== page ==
Alternative Energy Sources For The Homestead Part Two – Wind Power

wind power off grid

This is part two of a four-part series on alternative energy sources for the homestead – you can read part one Solar Power here.

Wind can provide a great source of energy for you and your family when you are living off-grid or for a backup power source.

By choosing a life off-grid, you are choosing a life of independence, a life of self-sufficiency. It is a life where you use the resources the Earth provides and only take what you need. The grocery store doesn’t provide your food, your backyard does.

But it’s not the easiest life. It’s much simpler to just flip a light switch and not even think about where that electricity came from. Because for most people, that electricity just came from some power company that you are vaguely familiar with.

But when you live off-grid, you harvest the energy.

One of your options for energy when you live off-grid is wind power. This invisible mass of air that we often complain about can provide energy to your home. And you can get started yourself. But what does that entail?

What is the off-grid wind system?

There are four different types of wind power systems. One is the off-grid wind power system that uses batteries to store power that is produced by the wind generator for later use.

Another common system is wind-electric water pumping. This couples a wind generator to an electric pump.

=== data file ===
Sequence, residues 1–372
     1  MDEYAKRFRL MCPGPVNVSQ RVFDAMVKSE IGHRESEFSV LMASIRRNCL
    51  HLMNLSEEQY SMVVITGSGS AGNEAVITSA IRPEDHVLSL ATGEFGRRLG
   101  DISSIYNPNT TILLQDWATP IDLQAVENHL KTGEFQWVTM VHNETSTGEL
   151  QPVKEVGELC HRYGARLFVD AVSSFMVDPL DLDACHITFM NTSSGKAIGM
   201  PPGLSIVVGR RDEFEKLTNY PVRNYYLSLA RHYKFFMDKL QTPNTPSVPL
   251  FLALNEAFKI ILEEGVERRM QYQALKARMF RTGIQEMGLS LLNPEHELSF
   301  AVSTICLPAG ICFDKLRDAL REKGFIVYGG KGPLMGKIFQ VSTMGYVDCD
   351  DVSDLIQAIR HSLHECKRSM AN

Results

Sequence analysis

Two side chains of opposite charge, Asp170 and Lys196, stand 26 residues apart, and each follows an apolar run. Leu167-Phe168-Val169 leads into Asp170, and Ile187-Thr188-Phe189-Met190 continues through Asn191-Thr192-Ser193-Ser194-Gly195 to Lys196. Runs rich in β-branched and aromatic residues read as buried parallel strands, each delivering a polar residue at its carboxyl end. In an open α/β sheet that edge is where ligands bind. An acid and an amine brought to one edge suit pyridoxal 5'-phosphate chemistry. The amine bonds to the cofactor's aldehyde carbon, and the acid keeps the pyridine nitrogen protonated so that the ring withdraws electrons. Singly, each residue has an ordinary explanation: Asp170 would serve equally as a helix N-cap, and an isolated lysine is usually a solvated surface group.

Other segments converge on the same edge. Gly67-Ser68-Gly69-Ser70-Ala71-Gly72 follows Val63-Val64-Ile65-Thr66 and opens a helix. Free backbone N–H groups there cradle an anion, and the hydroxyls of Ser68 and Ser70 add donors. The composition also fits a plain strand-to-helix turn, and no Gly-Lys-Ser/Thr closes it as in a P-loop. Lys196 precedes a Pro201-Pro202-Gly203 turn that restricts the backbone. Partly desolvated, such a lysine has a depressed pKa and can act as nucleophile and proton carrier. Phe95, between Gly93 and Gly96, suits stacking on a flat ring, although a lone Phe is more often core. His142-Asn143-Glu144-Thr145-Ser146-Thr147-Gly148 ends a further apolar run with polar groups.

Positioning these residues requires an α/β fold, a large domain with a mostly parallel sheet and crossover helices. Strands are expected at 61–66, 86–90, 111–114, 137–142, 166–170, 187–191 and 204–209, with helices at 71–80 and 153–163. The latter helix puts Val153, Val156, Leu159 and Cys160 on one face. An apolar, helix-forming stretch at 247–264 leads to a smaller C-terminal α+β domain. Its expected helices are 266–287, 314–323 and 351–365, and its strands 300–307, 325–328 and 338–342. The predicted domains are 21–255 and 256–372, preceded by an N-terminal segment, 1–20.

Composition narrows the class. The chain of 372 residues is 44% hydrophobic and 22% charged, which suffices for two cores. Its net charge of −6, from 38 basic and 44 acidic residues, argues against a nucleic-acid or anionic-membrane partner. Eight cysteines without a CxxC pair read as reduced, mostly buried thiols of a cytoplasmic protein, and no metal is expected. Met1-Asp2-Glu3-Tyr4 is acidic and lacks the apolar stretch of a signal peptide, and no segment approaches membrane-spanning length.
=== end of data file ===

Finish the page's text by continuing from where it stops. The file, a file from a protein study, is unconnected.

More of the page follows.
Do you have a good location?

As you would imagine, wind power systems take space. Particularly if you want a tall tower that is more efficient. If you need, or just want, something smaller the GOWE small wind generator is an excellent option and good place to start. This turbine might be small but has a high-efficiency motor and can produce up to 600 watts and is available in either a 12 or 24 volt. So I highly recommend this if you are conscious of the size and or on a budget.

Unfortunately, you may also face legal hurdles in some locations, especially if you are close to a city. The most common restrictions are height limitations and mandated distance between a tower and a building or property line. In some instances, you might even need to get consent from your neighbors.

If nothing else, these laws provide a great reason to move out on to a homestead a little further from the city lights. But as a word of caution, I would suggest anyone check with local ordinances before putting in a system.

Does your location make sense?

So you have the space and the green light from local authorities to move forward, but do you have the necessary wind resources on your property. If you don’t, obviously it doesn’t make sense.